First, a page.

I can interact with many shop/taxi people. Most things ok but I'm rarely alone so things can be rephrased. Also most shop workers will address me in English but happy to use Cebuano. Generally people are very happy to use it with me.

People I have known for 8 years have switched from using English to Cebuano with me until it gets tricky eg concepts.
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leosmith
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Re: Cebuano - in-country tips

Postby leosmith » Sun Jul 29, 2018 4:30 pm

Whodathunkitz wrote:Many Cebuanos don't like speaking Tagalog so English is used.

I read this a lot, mostly from ex-pats living in Bisayas, but I haven't been able to verify it personally. I've asked over a dozen tutors and acquaintances in country and out, and they say Tagalog is the preferred lingua franca (when one speaker is a non-Cebuano speaking native Tagalog speaker). For example, a tourist from Manila goes to Cebu and uses mostly Tagalog to communicate with locals. I'm not doubting you or others, but I'd like to verify it before embarking on learning Cebuano. Can you give me an example of a situation you've seen where Cebuano speakers switched to English with native Tagalog speakers?
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Whodathunkitz
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Re: Cebuano - in-country tips

Postby Whodathunkitz » Mon Jul 30, 2018 11:06 am

leosmith wrote:
Whodathunkitz wrote:Many Cebuanos don't like speaking Tagalog so English is used.

I read this a lot, mostly from ex-pats living in Bisayas, but I haven't been able to verify it personally. I've asked over a dozen tutors and acquaintances in country and out, and they say Tagalog is the preferred lingua franca (when one speaker is a non-Cebuano speaking native Tagalog speaker). For example, a tourist from Manila goes to Cebu and uses mostly Tagalog to communicate with locals. I'm not doubting you or others, but I'd like to verify it before embarking on learning Cebuano. Can you give me an example of a situation you've seen where Cebuano speakers switched to English with native Tagalog speakers?


I'm only repeating what I've heard but happy to try to answer the question. Some of below might not be 100 percent correct or has changed over time.

Depends who has the money/ is customer and language competencies?

Tagalog tourist is the customer with no Cebuano competence and their English competence is unknown. Best to switch to Tagalog. This is your example and I agree that Tagalog would be used unless the Tagalog person chose to use English and showed competence (Japanese tourist in Germany might get English initially).

Cebuanos aren't that fussed about the language. Many exclusively use English for their children to give an advantage (perceived). 1960s (40s 20s?) or earlier Cebuano seems like another language to them. Playful use and evolution of the language.

Tagalog speakers have (had?) education in (public schools) in Tagalog.

Quick edit as lost long edit. Tagalog person who learned Bisaya as adult said medium in Tagalog schools is English. Also noted English used in manila and cebu aren't the same.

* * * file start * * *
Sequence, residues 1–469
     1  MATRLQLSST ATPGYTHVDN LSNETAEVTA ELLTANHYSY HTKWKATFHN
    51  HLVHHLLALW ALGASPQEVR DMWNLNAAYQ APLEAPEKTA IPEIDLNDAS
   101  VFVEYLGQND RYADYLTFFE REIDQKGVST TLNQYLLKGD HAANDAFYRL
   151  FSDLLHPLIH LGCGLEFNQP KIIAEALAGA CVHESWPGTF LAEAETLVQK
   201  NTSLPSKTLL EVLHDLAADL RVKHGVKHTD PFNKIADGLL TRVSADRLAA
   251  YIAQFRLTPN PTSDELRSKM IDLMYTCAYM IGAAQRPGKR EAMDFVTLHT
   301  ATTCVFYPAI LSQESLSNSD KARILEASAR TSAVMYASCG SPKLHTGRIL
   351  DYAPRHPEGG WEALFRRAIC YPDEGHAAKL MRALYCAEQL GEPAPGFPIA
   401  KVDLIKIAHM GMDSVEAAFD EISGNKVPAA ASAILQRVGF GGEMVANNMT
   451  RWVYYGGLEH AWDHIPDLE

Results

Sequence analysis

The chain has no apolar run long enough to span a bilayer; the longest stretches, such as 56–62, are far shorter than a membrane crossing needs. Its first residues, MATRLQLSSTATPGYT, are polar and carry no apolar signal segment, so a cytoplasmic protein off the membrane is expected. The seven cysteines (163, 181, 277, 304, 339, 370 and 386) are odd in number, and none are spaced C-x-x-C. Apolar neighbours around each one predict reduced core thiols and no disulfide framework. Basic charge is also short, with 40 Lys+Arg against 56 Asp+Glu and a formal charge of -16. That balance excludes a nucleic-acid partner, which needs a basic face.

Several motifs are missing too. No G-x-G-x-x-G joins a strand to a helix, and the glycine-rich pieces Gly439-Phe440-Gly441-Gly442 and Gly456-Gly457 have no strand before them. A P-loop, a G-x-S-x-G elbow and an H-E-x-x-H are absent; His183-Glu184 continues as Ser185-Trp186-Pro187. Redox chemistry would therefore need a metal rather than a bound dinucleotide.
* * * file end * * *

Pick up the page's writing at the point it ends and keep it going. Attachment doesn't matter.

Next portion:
Cebuanos have English as the medium of instruction with Tagalog as a separate subject. Most bisaya university courses taught in English but many/most/all had Tagalog as a subject (seen wife's transcript). She says she hated the subject. Therefore I guess (depends on age /education / job) that Tagalog speakers have less English competence (in general).
Many can exclusively use Tagalog. Most TV (almost all?) Is in Tagalog. Satellite / Netflix in English or Tagalog movies. Most magazines in Tagalog. Even karaoke in bisaya areas is in Tagalog as apparently hard to write songs in it for some unspecified reason.

Most Cebuanos understand Tagalog (not vice versa) but rarely speak it unless in Luzon / manila / official use (and I'm told they face ridicule when they do). Tagalog pronounciation is soft, Bisaya is hard-toungued.

All non Tagalog languages are described as dialects even by Cebuanos.

Examples:-

Hotel in Davao during a conference where most guests are Tagalog - fellow Bisaya guests greet in bisaya, switched to English. Guests are on parity. Staff wouldn't be.

Museum in Davao - different guides for each language.

At home (UK) - a party with a mix of Tagalog, Bisaya and illongo - mix of languages used with bits repeated in Other languages. Illongo and Bisaya use mostly bisaya together with bits of Tagalog, illongo and English (idioms?).

All road signs / warnings to not trespass (and worse) are in English in Cebu.

Summary... Cebuanos can understand Tagalog and tourist servicing ones (taxi, hotel) can speak confidently. But it's the quote regarding understanding/head and reaching/heart.

Speaking Tagalog in Cebu would be fine, really impressive. Speaking Cebuano is a welcome shock to locals.

I only know two Tagalog speakers who speak Bisaya. Another one after 20 years understands but replies in Tagalog.

It depends on your motivation, possible usage where Cebuano is on your wishlist. For me it's at the top. That's unusual.

Would Catalan / Spanish be similar?
Last edited by Whodathunkitz on Fri Aug 03, 2018 12:32 am, edited 1 time in total.
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leosmith
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Re: Cebuano - in-country tips

Postby leosmith » Mon Jul 30, 2018 4:39 pm

Whodathunkitz wrote:Would Catalan / Spanish be similar?

I'm not sure; I've never been to Spain. My Spanish comes from South and Central America. Thanks for your post!